Does it turn out that military discoveries are hidden from us in general?
Of course, because it is an issue of global competition and national security. The secrecy of science is quite an interesting phenomenon in general. It contradicts the idea of the ethos of science to a certain extent. If we consider science as a social institution that moves and develops and is regulated by certain social norms, according to Robert King Merton’s idea of the ethos of science (that’s to say, a set of values and norms that are considered compulsory for a scientist), the scientist must openly share his knowledge and achievements. It is called the principle of communism. But science doesn’t exist in a vacuum. Society and the state give it some autonomy in decision-making in exchange for an independent professional appraisal.
In this respect, it is reasonable to ask if secrecy in science is possible. Merton replies by placing the scientist himself who demonstrates ambivalence, that’s to say, duality and contradiction of his motives and behaviour at the centre. On the one hand, the norms of the scientific community regulate and support his activity. On the other hand, there is an aspiration for success, competition for the right to be the first. Moreover, as it has already been said, science exists in the structure of other institutions (authorities, economy, religion) dictating their norms one should respect. As a result, the scientist can simultaneously go by different norms.
Science remaining a social institution also can be fully immersed in the system of secrecy when it is possible to freely exchange opinions and findings inside a group, but this can’t go outside. It is such a paradox.
And isn’t the fact that modern scientists are encouraged to publish all their research in magazines from the Scopus list a violation of secrecy?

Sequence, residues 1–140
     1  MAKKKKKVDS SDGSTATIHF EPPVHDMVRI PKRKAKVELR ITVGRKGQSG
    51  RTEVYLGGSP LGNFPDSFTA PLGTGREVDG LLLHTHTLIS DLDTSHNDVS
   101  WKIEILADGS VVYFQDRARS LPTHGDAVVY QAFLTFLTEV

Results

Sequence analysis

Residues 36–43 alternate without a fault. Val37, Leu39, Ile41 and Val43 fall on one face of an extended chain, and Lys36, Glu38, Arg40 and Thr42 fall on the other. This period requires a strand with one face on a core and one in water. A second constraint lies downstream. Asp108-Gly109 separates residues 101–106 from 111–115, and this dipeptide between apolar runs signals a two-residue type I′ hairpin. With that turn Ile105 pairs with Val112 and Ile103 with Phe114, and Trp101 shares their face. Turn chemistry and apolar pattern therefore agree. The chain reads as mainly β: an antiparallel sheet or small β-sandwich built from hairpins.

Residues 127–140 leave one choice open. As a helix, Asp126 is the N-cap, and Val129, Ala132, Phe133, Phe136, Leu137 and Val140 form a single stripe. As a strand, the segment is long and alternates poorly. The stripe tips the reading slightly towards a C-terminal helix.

I have a colleague who researches the future and long-term projections. He has several articles in which he analyses the disciplinary structure of military science based on open sources and even considers development trends of some of its areas. In other words, it isn’t completely closed, of course. Some solutions, which are already used in technologies, are quite visible. Moreover, some areas of their further development are clear as well. If you watch an American TV channel, you will see that Americans are very proud of their military science as well as citizen science and try to popularise it by all means. The Japanese love to save the world in mass culture by demonstrating technologies of the future. We show our accomplishments in a bit different way, mainly on parades. It deeply depends on culture.
Obviously, you will never be shown what is happening at the forefront of science on TV or in the cinema. But you can understand some vector of development. This includes to, for instance, the same unmanned vehicles, automation and robotisation of military machinery or soldiers’ new uniform — all this is quite open and understandable trends. Another thing is that nobody will tell you how to obtain that material the super armour is made of.
If we consider science as a social institution that moves and develops and is regulated by certain social norms, according to Robert King Merton’s idea of the ethos of science (that’s to say, a set of values and norms that are considered compulsory for a scientist), the scientist must openly share his knowledge and achievements. It is called the principle of communism
“In Russia, this indicator is quite low and accounts for about a third of total costs on science, while two-third are public money. Everything is the other way round in most of the developed countries”
What are today’s parameters used to measure the effectiveness of the scientist and the organisation he works in?